Savannah Republican Rep. Ron Stephens is betting on the promise of an infusion of money into the HOPE Scholarship to help his horse racing bill sprint through the House before an important legislative deadline Monday.

Rep. Ron Stephens

Stephens’ bill would let voters decide whether to amend the state constitution to allow horse racing in Georgia. It would allow three tracks to operate in the state but prohibit other forms of gambling, such as casino gaming, on the sites.

This story also appeared in Georgia Recorder

The Legislature is considering other bills to allow betting on sports games in Georgia, although a vote in the House has been delayed. Attorneys disagree on whether sports betting would require a constitutional amendment or not, but there is no debate on whether horse racing does. Georgia’s constitution specifically bans parimutuel betting, the system used by most horse tracks. 

Stephens also introduced another bill to allow casino gambling as he has in years past, with little luck.

Stephens introduced the latest version of his horse racing bill to a House committee Tuesday, arguing that race tracks would provide income to Georgia farmers whose fields have yet to recover from the damage caused by 2018’s Hurricane Michael.

“It allows them to get into the industry on the low end and then move up depending on how they purchase and sell horses, so it’s an additional industry,” he said. “It reminds me of somebody that, the wind comes down and blows down their corn farm. Well, they’ve got chickens and hogs as backup.”

Supporters of horse racing have pushed for the state Legislature to legalize race tracks in Georgia for decades. Stephens named his bill the Harry Geisinger Rural Jobs and Growth Act after a late Roswell state representative who was a strong proponent of horse racing.

The latest version of the bill also adds a carrot via Atlanta Democratic Rep. Stacey Evans that would make the state dig deeper into the Georgia Lottery’s reserve fund.

The state is required to keep half of the lottery’s proceeds from the previous year in a fund to pay for HOPE in case of a shortfall. That fund contains more than $1.3 billion, according to the Georgia Budget and Policy Institute. About half, $604 million, is required to be kept for a rainy day under the Georgia Lottery law, but an additional $781 million is considered unrestricted reserves.

“Georgia voters expect lottery revenue to support education, but many lottery dollars sit unused,” said GBPI Senior Policy Analyst Jennifer Lee in an institute report. “Georgia has never had to use its shortfall reserves and has a healthy shortfall reserves requirement. In recent years, the General Assembly chose to use more lottery dollars for pre-K teacher raises. The state could also take advantage of unused lottery dollars to strengthen Georgia’s HOPE programs.”

Evans’ addition aims to do that by drawing down that fund by 10% each year but requiring it to stay between 50% and 60% of the previous year’s lottery proceeds.

Evans said the legislation would bring in more than $200 million the first year and about $130 million the next year. The state has added about $70 million to the unrestricted reserve each year for the last 10 years. 

“This state did not approve a lottery just to have a lottery. They approved it for money to go to HOPE and pre-K, so this money should not just be sitting in an account,” Evans said at Tuesday’s meeting.

The plan would likely not provide enough revenue to allow HOPE to pay full tuition as it once did, but it would come close for many of the state’s regional colleges and help close the gap at more expensive schools like the University of Georgia and Georgia Tech, she added.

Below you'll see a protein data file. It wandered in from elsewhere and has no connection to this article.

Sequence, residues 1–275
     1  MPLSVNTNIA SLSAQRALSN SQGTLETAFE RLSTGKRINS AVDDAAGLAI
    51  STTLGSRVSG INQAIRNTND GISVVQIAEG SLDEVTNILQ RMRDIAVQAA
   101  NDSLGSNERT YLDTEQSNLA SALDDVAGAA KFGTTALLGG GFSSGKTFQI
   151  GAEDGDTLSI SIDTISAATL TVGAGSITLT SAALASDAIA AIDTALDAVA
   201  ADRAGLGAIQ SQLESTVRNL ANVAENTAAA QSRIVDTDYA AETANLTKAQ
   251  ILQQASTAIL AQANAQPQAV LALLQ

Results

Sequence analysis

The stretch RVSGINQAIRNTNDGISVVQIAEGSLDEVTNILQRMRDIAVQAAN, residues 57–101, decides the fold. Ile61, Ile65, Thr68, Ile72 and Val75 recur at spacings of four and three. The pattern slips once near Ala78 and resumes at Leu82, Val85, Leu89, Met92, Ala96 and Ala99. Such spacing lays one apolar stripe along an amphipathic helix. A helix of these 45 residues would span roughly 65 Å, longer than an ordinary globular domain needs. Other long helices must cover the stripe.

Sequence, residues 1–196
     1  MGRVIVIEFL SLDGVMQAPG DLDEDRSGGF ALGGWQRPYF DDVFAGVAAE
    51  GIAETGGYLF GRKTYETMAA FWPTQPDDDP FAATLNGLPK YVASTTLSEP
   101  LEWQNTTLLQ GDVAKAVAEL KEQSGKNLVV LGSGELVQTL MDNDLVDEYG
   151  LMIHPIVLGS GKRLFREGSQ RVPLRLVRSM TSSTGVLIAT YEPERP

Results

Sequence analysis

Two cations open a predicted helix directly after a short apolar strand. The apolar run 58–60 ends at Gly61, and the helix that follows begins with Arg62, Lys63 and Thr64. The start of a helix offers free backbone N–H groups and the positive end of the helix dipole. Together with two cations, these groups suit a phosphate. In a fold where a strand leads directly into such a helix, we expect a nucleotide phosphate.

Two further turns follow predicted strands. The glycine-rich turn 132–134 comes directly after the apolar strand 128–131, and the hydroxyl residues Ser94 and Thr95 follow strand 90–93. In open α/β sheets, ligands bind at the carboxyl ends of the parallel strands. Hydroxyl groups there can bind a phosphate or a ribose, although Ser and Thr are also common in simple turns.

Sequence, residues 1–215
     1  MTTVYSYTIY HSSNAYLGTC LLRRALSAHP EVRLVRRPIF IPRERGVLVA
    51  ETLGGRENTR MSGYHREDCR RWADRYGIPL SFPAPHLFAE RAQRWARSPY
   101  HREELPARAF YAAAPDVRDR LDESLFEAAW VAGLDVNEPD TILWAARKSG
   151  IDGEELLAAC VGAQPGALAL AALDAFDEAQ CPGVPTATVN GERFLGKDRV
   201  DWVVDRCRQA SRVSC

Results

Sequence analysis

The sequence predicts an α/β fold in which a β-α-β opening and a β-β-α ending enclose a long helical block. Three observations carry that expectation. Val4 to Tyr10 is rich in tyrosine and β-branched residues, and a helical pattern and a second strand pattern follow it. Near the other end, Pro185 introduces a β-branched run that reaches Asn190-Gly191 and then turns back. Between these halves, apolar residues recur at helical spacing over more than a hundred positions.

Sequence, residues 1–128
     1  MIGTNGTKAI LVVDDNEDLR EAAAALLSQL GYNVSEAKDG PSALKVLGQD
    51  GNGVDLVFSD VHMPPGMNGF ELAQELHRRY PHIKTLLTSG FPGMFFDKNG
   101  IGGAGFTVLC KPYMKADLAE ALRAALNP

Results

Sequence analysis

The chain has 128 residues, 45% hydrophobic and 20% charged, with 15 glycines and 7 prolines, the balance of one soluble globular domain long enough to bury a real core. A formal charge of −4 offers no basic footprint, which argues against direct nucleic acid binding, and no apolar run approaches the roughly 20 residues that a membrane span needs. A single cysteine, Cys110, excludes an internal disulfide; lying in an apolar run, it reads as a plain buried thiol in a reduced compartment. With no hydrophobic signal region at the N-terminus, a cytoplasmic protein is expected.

Under the bill, 10% of the tax money raised through bets on horse races would go to the state’s health care system, where Stephens said it would go to areas affected by hospital closures. Another 5% would go to pre-K and post-secondary education in Georgia.

Some members of the committee were not impressed.

“With all due respect to the author, we can take this and we can wrap it in the memory of a former legislator, we can wrap it up in the HOPE Scholarship, we can talk about all the jobs it’s going to create and we can put a lot of lipstick on this pig, but when we get through with it at the end of the day, we’re going to expand gambling big-time in the state of Georgia,” said Rep. Randy Nix, a Republican from LaGrange. “I believe this is not a good idea.”

The committee is set to take the bill back up for a vote Thursday. Monday is Crossover Day, the deadline for bills to pass from one chamber to the other without complicated legislative maneuvering. Bills that fail to make the deadline are unlikely to become law this year.

Horse racing, sports betting and legislation pushing the legalization of other forms of gambling could have high hurdles to clear if they are to meet the deadline. The bills face strong opposition from groups opposed to expanding legalized betting on moral and business grounds.

“Taking the moral argument aside against gambling, and how it’s a kind of fraudulent business model, if you’re not even looking at that, just as a business model it’s not wise,” said Virginia Galloway, regional field director of the Faith and Freedom Coalition. “Their crowds are shrinking, tracks are closing all over the country.

“We’ve been against all the schemes they’ve come up with in the last five or six years to increase poverty in Georgia through gambling, and we’ll continue to stand against those,” she added.

Georgia Recorder is part of States Newsroom, a network of news outlets supported by grants and a coalition of donors as a 501c(3) public charity.

Before joining the Georgia Recorder, Ross Williams covered local and state government for the Marietta Daily Journal.Williams' reporting took him from City Hall to homeless camps, from the offices of business...